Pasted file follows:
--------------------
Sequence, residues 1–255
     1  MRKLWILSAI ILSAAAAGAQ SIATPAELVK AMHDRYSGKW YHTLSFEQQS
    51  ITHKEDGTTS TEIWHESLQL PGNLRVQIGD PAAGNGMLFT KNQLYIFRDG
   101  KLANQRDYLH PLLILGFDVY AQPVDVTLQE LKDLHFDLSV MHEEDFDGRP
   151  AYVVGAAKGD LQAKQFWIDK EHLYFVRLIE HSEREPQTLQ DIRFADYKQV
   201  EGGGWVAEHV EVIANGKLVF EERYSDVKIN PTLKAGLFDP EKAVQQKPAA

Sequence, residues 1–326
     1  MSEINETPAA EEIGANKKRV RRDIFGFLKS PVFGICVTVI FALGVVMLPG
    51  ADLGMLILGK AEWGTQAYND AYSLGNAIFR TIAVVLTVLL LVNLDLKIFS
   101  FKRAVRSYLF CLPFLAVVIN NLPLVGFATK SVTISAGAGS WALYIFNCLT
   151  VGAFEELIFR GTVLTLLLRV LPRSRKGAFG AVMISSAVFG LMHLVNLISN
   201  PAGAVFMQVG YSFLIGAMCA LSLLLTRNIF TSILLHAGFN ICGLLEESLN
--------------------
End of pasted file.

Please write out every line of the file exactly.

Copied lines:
Sequence, residues 1–255
     1  MRKLWILSAI ILSAAAAGAQ SIATPAELVK AMHDRYSGKW YHTLSFEQQS
    51  ITHKEDGTTS TEIWHESLQL PGNLRVQIGD PAAGNGMLFT KNQLYIFRDG
   101  KLANQRDYLH PLLILGFDVY AQPVDVTLQE LKDLHFDLSV MHEEDFDGRP
   151  AYVVGAAKGD LQAKQFWIDK EHLYFVRLIE HSEREPQTLQ DIRFADYKQV
   201  EGGGWVAEHV EVIANGKLVF EERYSDVKIN PTLKAGLFDP EKAVQQKPAA

Sequence, residues 1–326
     1  MSEINETPAA EEIGANKKRV RRDIFGFLKS PVFGICVTVI FALGVVMLPG
    51  ADLGMLILGK AEWGTQAYND AYSLGNAIFR TIAVVLTVLL LVNLDLKIFS
   101  FKRAVRSYLF CLPFLAVVIN NLPLVGFATK SVTISAGAGS WALYIFNCLT
   151  VGAFEELIFR GTVLTLLLRV LPRSRKGAFG AVMISSAVFG LMHLVNLISN
   201  PAGAVFMQVG YSFLIGAMCA LSLLLTRNIF TSILLHAGFN ICGLLEESLN